The four different accounts are meant to be four different perspectives of an extremely gracious God. And THAT is a good point to end on for ANY Sunday of the year.
The Gospel text for this Sunday, Palm Sunday/Sunday of the Passion, is a huge one—essentially chapters 14 and 15 of the Gospel according to Mark. It is like going into one of those Global Market stores and seeing various foods from all over the world (It just so happened that I did that today). Which ones should be my focus this time? Which one is going to be the best? (In some way, they all became famous enough to make it there!)
Unfortunately some people have the idea that the Gospel according to Mark is early and basic, that the more interesting details were added later. Voelz, in his Concordia Commentary, differs from this view significantly. Yes, when a message is just starting out, it may tend to be shorter. But also when a critical event happens, in an emergency, then a message also tends to be significantly shorter. When time is important, you say what is important.
There has been a significant amount of attention given to something unique to this account—that a young man who has been following Jesus into the Garden of Gethsemane, when grabbed by the authorities, runs away, leaving his ‘linen garment’ (14:51-52).
Some people think that this is Mark. That would make sense. But rather than going in the direction of source—who this young man is, I would rather go in the direction of deity—now what does this mean for Jesus, the so-called ‘Son of God’?
This young man in Mark 14 has been compared to the young man in Mark 16 who appears at Jesus’ tomb (on his right, interestingly enough) and tells the women what happened to him. But the one in the tomb has on a white robe.
One other person has on the same ‘linen garment’; it is Jesus, and he was wrapped in it after he died.
It is interesting that he is called a corpse at that time. But that will only be true for a very short time.
Both men are seized; both men are wrapped in a ‘linen garment’, and both men escape. There is too much in common to be a coincidence.
The act of being seized—and the basic word used here means ‘strength’—is a significant one. Jesus has acted like the second living creature, the lion, pretty much all through this account. Now his enemies have shown some strength and fought back, but, ultimately, they fail. And now Jesus has the upper hand—quite literally, if you think about it.
The Gospel for this Sunday is the request of James and John to sit at Jesus’ right and left (Mark 10:35-45). This text comes right after the third and final Passion prediction. And it shows how different Jesus’ kingdom is to ours, how different his definition of glory is.
Those two words, ‘kingdom’ and ‘glory’, are the words the disciples use to describe what they think should be ahead for Jesus. Matthew records the word ‘kingdom’, and Mark, the word ‘glory’. That is not surprising since, when considering the four living creatures and their connections to the four accounts, Matthew is connected to a man—someone who can have a kingdom—and Mark is connection to a lion—an animal that has a high amount of respect when it comes to fighting. It is also not surprising that, in Matthew, the mother of James and John come with the question, and, in Mark, these ‘sons of thunder (Mark 3:17)’ are described as coming on their own.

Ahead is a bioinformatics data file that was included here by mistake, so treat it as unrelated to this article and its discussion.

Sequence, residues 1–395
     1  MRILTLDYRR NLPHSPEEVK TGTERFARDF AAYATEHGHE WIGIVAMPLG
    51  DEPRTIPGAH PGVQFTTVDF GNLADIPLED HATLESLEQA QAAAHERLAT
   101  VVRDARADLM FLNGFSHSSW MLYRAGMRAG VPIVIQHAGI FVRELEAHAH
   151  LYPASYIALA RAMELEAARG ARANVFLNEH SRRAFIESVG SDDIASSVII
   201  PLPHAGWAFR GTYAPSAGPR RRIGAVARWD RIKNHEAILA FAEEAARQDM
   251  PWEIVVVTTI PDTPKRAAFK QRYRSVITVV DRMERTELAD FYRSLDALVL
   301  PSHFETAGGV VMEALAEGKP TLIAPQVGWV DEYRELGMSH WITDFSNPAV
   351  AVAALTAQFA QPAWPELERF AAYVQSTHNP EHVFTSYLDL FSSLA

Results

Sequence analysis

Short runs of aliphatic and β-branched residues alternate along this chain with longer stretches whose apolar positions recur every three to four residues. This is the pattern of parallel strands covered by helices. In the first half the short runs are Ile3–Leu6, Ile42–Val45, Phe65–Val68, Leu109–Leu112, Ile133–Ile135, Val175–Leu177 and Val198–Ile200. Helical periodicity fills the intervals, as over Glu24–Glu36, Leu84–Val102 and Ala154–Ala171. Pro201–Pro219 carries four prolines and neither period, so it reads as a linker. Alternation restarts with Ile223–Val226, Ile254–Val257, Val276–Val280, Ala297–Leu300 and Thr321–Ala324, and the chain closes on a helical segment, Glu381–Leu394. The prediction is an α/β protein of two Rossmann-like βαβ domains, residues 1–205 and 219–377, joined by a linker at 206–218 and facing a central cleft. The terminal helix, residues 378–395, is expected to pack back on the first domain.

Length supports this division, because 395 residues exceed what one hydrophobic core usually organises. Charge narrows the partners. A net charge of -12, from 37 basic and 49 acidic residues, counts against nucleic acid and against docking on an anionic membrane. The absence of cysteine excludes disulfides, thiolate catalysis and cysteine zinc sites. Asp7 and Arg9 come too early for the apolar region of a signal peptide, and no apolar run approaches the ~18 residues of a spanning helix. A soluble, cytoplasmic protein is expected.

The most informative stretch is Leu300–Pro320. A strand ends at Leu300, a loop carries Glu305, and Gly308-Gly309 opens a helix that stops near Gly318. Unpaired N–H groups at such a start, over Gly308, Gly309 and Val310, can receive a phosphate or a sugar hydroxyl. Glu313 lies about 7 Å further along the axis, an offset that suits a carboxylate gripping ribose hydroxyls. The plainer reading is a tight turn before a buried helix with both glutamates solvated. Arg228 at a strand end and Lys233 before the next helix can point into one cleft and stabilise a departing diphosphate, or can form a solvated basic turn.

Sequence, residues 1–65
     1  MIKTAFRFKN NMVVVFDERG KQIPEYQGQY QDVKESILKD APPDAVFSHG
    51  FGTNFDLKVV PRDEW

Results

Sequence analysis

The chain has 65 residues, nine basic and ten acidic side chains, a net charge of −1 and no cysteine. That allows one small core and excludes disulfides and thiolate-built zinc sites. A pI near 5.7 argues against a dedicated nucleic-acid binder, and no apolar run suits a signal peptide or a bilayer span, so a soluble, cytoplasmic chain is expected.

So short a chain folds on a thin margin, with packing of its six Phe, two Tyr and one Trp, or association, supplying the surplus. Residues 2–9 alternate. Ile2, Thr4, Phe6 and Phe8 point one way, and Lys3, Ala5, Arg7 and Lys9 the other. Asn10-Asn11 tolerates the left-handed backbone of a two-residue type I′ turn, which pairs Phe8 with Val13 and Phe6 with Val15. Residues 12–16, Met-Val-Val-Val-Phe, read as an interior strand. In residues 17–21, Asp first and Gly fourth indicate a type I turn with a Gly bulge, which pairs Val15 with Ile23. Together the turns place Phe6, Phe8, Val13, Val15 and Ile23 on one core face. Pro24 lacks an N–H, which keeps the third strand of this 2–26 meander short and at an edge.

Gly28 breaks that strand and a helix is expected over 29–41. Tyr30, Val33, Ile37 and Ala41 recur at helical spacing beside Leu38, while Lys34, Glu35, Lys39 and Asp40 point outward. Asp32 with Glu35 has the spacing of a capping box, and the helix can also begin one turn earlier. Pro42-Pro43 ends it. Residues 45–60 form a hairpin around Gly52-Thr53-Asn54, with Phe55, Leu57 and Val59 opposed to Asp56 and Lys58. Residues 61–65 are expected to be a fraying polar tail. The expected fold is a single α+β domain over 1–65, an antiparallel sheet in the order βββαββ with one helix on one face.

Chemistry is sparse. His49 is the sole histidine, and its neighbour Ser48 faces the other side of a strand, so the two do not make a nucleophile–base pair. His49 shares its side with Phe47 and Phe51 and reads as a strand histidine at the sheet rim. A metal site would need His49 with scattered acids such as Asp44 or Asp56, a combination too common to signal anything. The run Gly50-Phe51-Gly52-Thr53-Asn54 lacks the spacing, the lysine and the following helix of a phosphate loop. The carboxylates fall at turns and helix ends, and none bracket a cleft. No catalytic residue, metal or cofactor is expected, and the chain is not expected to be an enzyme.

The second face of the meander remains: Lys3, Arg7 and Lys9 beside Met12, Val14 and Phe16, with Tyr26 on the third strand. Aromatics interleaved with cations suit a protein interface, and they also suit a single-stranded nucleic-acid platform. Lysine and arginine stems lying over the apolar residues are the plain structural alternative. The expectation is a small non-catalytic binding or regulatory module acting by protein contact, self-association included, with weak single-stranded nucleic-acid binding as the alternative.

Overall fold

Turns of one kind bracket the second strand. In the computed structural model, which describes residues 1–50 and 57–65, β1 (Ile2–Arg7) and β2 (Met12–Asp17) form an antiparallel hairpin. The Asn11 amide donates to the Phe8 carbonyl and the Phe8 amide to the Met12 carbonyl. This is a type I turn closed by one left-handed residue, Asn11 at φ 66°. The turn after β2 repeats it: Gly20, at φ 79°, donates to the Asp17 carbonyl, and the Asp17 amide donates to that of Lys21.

What I really liked when I compared Matthew and Mark’s rendering is that Mark uses a word that Matthew is quite fond of. It’s found many times in Matthew but only two in Mark. It is the word for ‘to think’ or ‘to suppose’. In Mark 6 the disciples thought that Jesus was a ghost, a phantasm. And, in Mark 10:42, there are those who are thinking or supposing to rule.
The ESV translates this phrase as, ‘…those who are considered rulers….’ And I think that is an okay translation. A king or a queen may THINK that he or she is in power, but it is really the Lord who rules.
I would like to ‘switch gears’ at this time to give you another example of this. I like this example because, at first glance, it is one of the most boring chapters in the entire bible. Genesis 14 mentions a bunch of kings, and then it talks about how Abram (eventually his name is Abraham) saves Lot and his stuff because he was captured by some of those kings.
You might want to read the chapter at this point, but here are some of my observations about the text. It seems like the kings are going out by themselves to fight. Of course their armies are doing most of the work. With this perspective, the kings are seen as powerful people. And, in contrast to these kings (the title of which has not been mentioned in the previous chapters), Abraham is called a ‘Hebrew’ (and this is for the very first time).
The word ‘Hebrew’ is very close to the verb, ‘to cross over’. Abraham follows the promise that God made to him. He is different from the rest. He is different from the other kings.
The real king is God, and this is clearer in what is said about ‘God Most High’ at the end of the account. He is called the ‘Possessor’ of heaven and earth two separate times (Genesis 14:19, 22). This is the same word that Eve uses to name her son Cain when she says, ‘I have gotten a man….’ And this is also the word used when someone buys something. This refers to something that is REALLY yours.
God already possesses whatever we buy. God already has whatever we think we have. God rules over everybody who thinks that they rule. And Jesus is headed in a certain direction, with certain people on his right and his left, to rule over sin, death, and the devil—for all people, for all time.